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Visit Awin to discover more market insights and trends.

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Samsung: 6-Day Workweek For Execs, Company in Emergency Mode

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Samsung: 6-Day Workweek For Execs, Company in Emergency Mode

Four-day workweeks might have all the buzz, but one major tech company is going in the opposite direction.

Samsung is implementing a six-day workweek for all executives after some of the firm’s core businesses delivered lower-than-expected financial results last year.

A Samsung Group executive told a Korean news outlet that “considering that performance of our major units, including Samsung Electronics Co., fell short of expectations in 2023, we are introducing the six-day work week for executives to inject a sense of crisis and make all-out efforts to overcome this crisis.”

Lower performance combined with other economic uncertainties like high borrowing costs have pushed the South Korean company to enter “emergency mode,” per The Korea Economic Daily.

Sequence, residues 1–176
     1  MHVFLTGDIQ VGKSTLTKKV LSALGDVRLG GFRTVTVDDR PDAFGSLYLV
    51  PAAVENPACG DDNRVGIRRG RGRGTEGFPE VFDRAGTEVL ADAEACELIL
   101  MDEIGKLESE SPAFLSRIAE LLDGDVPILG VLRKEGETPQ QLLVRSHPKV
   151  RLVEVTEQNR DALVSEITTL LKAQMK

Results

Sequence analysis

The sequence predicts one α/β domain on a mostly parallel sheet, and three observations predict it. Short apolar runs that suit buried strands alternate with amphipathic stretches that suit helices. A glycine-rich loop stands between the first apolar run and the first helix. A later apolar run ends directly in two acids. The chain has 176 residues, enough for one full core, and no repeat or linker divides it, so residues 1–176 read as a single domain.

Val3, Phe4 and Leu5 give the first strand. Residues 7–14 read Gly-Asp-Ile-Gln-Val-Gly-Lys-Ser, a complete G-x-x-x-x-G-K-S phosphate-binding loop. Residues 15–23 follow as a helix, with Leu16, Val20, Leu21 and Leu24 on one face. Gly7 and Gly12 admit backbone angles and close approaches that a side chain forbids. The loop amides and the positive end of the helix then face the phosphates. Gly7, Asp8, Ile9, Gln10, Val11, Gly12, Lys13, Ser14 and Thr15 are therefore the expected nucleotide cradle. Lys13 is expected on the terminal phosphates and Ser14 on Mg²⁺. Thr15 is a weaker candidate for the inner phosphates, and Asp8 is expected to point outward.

Related: Apple Is No Longer the Top Phonemaker in the World as AI Pressure and Competition Intensifies

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Executives at all Samsung Group divisions will be affected, including those in sales and manufacturing, according to the report.

Samsung had its worst financial year in over a decade in 2023, with the Wall Street Journal reporting that net profit fell 73% in Q4. It also lost its top spot on the global smartphone market to Apple in the same quarter, though it reclaimed it this year.

Though employees below the executive level aren’t yet mandated to clock in on weekends, some might follow the unwritten example of their bosses. After all, The Korea Economic Daily reports that executives across some Samsung divisions have been voluntarily working six days a week since January, before the company decided to implement the six-day workweek policy.

Entrepreneur has reached out to Samsung’s U.S. newsroom to ask if this news includes executives situated globally, including in the U.S., or if it only affects employees in Korea. Samsung did not immediately respond.

Research on the relationship between hours worked and output shows that working more does not necessarily increase productivity.